Why Do We Keep Making Such a Big Deal out of a Thing Called Satellite Camps?
Maybe until 2015 or even 2016, you had never heard of a "Satellite Camp", but now I'm guessing you've at least heard them mentioned as of late.
Satellite camps are camps that college programs put on in which they go outside of their campus to hold a instructional camp.
Seems pretty harmless right? Well clearly that is not the case in the minds of some.
There was a big uproar from the southeastern part of this country from fans and coaches alike that had some major issues with these such camps.
The critiques claim that these camps invade on their recruiting territory and that they give to much branding to those programs when they in some cases have a campus that is 500 plus miles away.
Once that uproar started to include some of the bigger programs in the SEC, the NCAA started to really take notice. In April, the NCAA deemed it was time to put a halt to these camps and outlawed them.
Since that ruling, the uproar flipped to those that were putting these such camps on and the swell of momentum from those angered by the ban was much more than the anger that was there from those who opposed the camps.
That swell of momentum caused the NCAA to reverse track on their decision and allow satellite camps while they did an extensive review of the process.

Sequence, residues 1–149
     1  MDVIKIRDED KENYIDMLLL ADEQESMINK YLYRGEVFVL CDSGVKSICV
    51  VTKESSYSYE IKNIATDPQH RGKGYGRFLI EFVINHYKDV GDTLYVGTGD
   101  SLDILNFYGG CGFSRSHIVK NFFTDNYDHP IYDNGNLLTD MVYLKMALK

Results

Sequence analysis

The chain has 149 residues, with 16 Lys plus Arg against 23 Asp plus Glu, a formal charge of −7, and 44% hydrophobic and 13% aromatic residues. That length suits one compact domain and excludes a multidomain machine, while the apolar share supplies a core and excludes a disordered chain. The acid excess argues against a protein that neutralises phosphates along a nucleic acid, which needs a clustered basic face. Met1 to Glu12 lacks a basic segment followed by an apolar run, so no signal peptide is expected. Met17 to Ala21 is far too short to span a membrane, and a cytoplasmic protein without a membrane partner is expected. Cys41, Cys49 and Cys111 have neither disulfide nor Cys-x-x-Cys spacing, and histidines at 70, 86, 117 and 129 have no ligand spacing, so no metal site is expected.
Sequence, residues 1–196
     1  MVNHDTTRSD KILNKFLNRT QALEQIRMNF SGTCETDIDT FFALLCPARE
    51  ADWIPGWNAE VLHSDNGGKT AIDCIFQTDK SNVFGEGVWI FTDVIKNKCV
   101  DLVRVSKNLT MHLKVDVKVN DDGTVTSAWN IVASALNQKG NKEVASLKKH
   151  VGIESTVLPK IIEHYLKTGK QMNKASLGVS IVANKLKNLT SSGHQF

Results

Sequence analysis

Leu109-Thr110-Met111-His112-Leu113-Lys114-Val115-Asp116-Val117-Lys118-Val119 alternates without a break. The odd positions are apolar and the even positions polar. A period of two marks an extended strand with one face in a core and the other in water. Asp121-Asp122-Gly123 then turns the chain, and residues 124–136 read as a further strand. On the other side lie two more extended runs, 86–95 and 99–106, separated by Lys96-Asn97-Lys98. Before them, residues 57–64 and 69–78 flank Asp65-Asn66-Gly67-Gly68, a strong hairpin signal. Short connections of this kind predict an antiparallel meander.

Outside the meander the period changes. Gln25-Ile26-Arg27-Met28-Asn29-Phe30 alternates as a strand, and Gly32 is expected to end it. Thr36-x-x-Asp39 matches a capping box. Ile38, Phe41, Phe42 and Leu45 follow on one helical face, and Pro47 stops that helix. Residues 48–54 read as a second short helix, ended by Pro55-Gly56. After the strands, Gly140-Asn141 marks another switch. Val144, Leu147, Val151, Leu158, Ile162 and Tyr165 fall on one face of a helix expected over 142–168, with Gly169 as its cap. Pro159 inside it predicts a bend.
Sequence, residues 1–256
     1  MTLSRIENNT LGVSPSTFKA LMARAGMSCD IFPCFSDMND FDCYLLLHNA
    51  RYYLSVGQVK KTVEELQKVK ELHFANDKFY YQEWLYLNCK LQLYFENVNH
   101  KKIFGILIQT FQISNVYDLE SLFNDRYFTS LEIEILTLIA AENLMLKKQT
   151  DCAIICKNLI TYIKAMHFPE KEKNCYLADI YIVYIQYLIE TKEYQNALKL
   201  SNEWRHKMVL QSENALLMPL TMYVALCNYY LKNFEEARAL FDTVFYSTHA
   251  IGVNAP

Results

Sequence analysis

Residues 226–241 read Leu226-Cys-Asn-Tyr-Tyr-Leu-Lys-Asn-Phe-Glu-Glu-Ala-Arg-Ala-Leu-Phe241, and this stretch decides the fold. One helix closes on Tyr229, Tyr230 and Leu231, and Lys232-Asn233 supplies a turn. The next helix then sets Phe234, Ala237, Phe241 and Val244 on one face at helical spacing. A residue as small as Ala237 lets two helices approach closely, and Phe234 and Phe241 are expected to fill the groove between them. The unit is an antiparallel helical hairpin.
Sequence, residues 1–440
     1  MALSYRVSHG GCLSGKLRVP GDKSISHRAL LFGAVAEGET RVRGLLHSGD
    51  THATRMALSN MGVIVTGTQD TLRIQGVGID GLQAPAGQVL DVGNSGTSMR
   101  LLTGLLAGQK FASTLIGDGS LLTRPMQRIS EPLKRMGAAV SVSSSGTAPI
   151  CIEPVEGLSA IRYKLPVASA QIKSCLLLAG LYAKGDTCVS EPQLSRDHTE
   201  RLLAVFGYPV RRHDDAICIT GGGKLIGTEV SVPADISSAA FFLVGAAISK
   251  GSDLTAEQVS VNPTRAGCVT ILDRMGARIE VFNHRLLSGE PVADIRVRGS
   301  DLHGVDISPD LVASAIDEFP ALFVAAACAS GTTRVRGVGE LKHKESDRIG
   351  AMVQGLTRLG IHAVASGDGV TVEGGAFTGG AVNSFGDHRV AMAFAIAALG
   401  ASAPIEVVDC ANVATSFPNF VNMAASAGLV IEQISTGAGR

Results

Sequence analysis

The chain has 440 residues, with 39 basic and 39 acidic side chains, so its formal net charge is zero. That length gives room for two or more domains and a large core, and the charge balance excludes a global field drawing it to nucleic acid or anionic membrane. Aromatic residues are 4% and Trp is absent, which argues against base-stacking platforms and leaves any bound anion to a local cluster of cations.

In my opinion, these camps are essential in exposure, growth and development for the sport of college football and I don't agree with those who think satellite camps are bad for the game.
These camps are needed to help under privileged student athletes get notoriety, get looked at and seen. It truly helps them compete literally with the "Jones's" if you will.
They can provide better chances for universities and programs to evaluate more and not miss as much on potential prospects. In addition, it does help the brand of those programs to create a place in a new landscape that they may of not had an imprint in prior.
Furthermore, it helps the high schools and the high school coaches in that area stay connected for future recruits as well.
I am hopeful that the review by the NCAA will provide the same information that I just laid out and that it will be beneficial in keeping satellite camps a part of the college football landscape for many years to come.